It’s not about the stuff. It’s about the people. The memories. The relationships. And the shared experiences.

Ultimately, of course, the stuff will all be burned up.  Then God will judge us by the stuff within us.  Our attitude. Actions. And priorities in life. (2 Cor 5:10).

Then we will know for sure that it’s not about this world’s stuff.

–Ken Weliever, The Preacherman

9 Comments

Filed under Relationships

9 responses to “It’s Not About The Stuff

  1. Sonny

    Hi preacher we did the same thing in 08 became homeless, ministry since seventies
    ’70s as tentmakers

    There is a nomad land of homeless living on boats all over Florida some support themselves eagerly in riches majority are very poor good people tossed
    but they are diverse as any scene and we love them. Due age we had to give up the boats as being unsafe to live on with operations and surgeries too many steps to many ropes too many trips. dropped anchor in Southwest Florida Island and enjoy a wonderful community of neighbors that love us and we love. safely our community is retirement every old or either fishing lots of people lots of tourists but our “homestyle the kind Jesus loves to visit of just a few neighbors breaking bread at a table in the home is our ideal of abiding and community with our savior everyday as we celebrate the resurrection and our new lifecommunity is very tight we meet for meals and break bread at our tables out in the yard for covid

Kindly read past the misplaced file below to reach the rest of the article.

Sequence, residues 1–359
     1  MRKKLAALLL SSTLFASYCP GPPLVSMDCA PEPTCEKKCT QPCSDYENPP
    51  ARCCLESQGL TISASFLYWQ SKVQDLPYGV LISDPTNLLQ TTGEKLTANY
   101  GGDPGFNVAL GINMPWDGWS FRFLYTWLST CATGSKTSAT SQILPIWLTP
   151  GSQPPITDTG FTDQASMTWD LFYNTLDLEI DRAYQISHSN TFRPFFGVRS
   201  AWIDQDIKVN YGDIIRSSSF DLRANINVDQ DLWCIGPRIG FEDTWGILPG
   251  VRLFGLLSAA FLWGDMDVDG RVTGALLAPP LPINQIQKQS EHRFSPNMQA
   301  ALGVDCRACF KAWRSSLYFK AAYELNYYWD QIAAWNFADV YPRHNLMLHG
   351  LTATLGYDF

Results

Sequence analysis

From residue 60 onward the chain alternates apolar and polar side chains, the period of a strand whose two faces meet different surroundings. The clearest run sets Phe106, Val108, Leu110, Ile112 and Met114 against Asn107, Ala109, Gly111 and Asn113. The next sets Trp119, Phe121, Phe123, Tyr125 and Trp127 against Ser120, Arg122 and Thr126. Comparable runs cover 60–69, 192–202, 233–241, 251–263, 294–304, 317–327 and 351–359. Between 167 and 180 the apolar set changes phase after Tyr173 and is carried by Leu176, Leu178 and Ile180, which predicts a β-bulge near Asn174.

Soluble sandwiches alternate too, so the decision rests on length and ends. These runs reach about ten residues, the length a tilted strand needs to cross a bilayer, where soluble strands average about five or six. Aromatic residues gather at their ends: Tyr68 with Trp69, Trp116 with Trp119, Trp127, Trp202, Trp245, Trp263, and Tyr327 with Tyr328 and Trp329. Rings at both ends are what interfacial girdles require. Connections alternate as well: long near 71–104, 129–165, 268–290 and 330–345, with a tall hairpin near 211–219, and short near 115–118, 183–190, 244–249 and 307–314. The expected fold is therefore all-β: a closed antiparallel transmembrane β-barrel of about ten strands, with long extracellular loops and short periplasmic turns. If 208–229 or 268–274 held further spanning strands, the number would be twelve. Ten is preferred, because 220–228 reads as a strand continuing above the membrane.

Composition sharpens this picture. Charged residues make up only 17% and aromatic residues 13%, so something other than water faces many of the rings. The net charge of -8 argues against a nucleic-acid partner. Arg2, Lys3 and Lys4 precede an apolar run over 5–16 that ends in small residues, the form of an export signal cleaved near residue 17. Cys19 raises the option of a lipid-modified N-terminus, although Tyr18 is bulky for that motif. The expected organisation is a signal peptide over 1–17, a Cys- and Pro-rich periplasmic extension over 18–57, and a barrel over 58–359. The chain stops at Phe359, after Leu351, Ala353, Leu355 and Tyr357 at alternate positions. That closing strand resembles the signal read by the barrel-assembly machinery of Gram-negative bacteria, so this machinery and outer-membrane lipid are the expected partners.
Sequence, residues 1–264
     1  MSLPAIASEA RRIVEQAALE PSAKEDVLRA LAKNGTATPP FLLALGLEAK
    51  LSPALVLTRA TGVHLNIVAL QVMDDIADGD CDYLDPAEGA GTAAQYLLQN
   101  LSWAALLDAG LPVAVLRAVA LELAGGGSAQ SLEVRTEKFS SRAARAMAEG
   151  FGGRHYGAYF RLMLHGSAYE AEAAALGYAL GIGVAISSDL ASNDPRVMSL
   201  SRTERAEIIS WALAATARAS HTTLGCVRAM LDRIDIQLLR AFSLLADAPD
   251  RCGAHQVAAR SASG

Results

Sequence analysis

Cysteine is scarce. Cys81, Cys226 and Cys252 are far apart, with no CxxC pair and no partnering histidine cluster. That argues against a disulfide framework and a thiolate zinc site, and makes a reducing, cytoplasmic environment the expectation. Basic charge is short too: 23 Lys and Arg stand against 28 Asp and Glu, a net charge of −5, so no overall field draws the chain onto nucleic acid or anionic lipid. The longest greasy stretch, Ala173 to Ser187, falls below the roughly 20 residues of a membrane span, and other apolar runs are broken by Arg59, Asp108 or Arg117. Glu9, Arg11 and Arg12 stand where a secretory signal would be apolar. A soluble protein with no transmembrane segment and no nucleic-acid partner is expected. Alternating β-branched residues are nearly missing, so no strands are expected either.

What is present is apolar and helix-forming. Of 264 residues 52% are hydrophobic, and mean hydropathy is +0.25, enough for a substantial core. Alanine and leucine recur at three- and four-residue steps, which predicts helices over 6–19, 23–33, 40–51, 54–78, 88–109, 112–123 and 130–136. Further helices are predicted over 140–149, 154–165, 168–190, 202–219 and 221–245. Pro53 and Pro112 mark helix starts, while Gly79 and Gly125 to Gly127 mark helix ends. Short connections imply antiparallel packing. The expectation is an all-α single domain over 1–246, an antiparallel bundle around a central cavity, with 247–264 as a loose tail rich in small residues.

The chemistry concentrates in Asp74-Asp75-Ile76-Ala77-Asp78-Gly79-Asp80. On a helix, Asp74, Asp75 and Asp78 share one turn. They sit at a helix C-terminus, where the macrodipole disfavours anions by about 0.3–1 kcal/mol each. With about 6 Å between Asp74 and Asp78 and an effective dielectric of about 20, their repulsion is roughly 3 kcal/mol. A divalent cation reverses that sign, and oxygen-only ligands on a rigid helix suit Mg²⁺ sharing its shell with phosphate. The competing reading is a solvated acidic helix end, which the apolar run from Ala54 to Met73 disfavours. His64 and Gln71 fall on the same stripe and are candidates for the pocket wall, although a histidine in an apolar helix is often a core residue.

The retired unchurched the burned out on Church everywhere the duns and nuns in the retirement comunities all they want is love reconciliation forgiveness.
    our last ministry on the boat in Jacksonville was with a food pantry and a veteran center are are specialty is PTSD in combat veterans we know the cure. We’re both 100% disabled I’m 100% combat veteran. We love warriors likeCornelius and we know what the precious truth in the name of Jesus did for him did for him to change sides

    Would love to talk sometime about the home style movement that’s currently raging through the US. We see great opportunity for sharing the message of our common gospel
    Peace

    • Sonny

      Editorial note please excuse my voice typing spell check and any error in speech allocution or grammar you get the message we’re home style the kind Jesus loves to visit just a few that love you

  2. Philip North

    In reference to “stuff,” well for those who do not know about Sondra Eileen West, and what she did back in 1976, check her out on line.

  3. Pingback: Weekly Recap: February 28-March 5 | ThePreachersWord

  4. Phyllis Caldwell

    So good and so very true.

  5. Brad Bates

    It looks like they live in Citrus Co now and he’ll be preaching in CR for the next 3 weeks before they start traveling.

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  6. Debbie Griffin

    So true! Joe will start his 46th year of preaching in April. When we moved from Fort Scott, KS to CA we sold or gave away 80% of all that we had. We live in a very small home. Joe is working with the Huntington Beach COC. The members are great and Joe loves doing work with the community. In my eyes he is amazing. But the glory is to the Lord. Glad to know you & your wife are loving your work. I will let Joe know about the 50 boxes of books so he will feel better about the amount of books he moved with us. He gave so many away to our sons and others and left a good amount at the congregation there.
    Great hearing about your mission!
    Debbie